Woman in Fla. lottery slaying case doesn't testify
Woman charged in Florida lottery winner's killing declines to testify as Tampa trial continues
TAMPA, Fla. (AP) — A woman accused of killing a central Florida lottery winner declined to testify at her trial Monday and was briefly banned from the courtroom over concerns that she may have threatened jurors.
Judge Emmett Battles said Dorice "Dee Dee" Moore may have been engaged in conversations that could be construed as a threat to jurors. Moore was instructed to leave the Tampa courtroom while he investigated but she was back a short time later for closing arguments. No other details were given.
Moore is accused of killing Abraham Shakespeare, who won millions in 2006. Prosecutors said the 40-year-old befriended Shakespeare in late 2008, claiming she was writing a book about how people were taking advantage of him. They claim Moore later became his financial adviser, eventually controlling every asset he had left, including an expensive home, the debt owed to him and a $1.5 million annuity. She ultimately swindled Shakespeare out of his dwindling fortune, then shot him and buried his body under a concrete slab in her backyard, said assistant state attorney Jay Pruner.
At times, Moore closed her eyes and averted her face from the jury as prosecutors played audio recordings made by an undercover officer posing as a criminal who would take the fall for Shakespeare's murder.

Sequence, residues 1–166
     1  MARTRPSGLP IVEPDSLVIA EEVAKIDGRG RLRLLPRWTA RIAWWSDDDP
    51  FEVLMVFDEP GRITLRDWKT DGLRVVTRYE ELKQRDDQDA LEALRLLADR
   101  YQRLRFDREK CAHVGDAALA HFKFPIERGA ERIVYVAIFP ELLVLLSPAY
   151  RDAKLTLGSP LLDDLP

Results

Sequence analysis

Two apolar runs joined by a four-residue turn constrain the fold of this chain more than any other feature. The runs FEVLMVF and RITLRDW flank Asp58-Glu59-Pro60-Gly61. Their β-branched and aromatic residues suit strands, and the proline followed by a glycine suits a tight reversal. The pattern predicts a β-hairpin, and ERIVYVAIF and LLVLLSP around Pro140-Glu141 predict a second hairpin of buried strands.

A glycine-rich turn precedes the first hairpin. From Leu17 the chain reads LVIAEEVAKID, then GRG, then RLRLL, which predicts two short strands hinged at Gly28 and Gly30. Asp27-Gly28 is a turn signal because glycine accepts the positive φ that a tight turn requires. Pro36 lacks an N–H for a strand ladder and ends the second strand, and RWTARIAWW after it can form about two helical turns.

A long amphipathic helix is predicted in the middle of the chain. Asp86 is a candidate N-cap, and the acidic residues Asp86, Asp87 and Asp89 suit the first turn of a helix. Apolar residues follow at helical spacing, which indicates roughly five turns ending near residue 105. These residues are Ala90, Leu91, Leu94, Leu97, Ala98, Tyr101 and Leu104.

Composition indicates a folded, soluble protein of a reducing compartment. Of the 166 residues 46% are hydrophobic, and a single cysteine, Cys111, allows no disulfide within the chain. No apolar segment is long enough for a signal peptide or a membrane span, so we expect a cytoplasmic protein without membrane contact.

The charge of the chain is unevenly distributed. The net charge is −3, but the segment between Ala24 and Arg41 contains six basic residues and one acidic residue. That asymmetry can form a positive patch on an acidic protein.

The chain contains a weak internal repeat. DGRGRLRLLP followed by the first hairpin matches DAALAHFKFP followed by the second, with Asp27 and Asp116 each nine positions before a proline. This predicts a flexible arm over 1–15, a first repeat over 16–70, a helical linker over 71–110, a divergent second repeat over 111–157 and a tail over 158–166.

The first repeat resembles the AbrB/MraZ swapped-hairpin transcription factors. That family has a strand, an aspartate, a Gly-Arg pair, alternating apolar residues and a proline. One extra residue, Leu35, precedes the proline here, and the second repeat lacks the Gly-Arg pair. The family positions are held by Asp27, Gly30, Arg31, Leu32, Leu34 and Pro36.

Prosecutors have built much of their case from confidential informant's statements and financial records.
Earlier Monday, Moore said she would not take the stand because she wanted to protect her family. Defense attorneys rested their case without calling any other witnesses.
In opening statements, Moore's attorney told the jury that his client was trying to help protect Shakespeare's assets from a pending child support case when he was killed by drug dealers who haven't been caught.
Moore claims she wanted to write a book about him and help him with his finances, but did not murder him.
Former inmate Rose Condora, who was locked up with Moore, said she visits her friend every night at the jail.
"She's not what people think she is. She did not kill that man," Condora told reporters during a break in the trial.
Copyright 2012 The Associated Press. All rights reserved. This material may not be published, broadcast, rewritten or redistributed.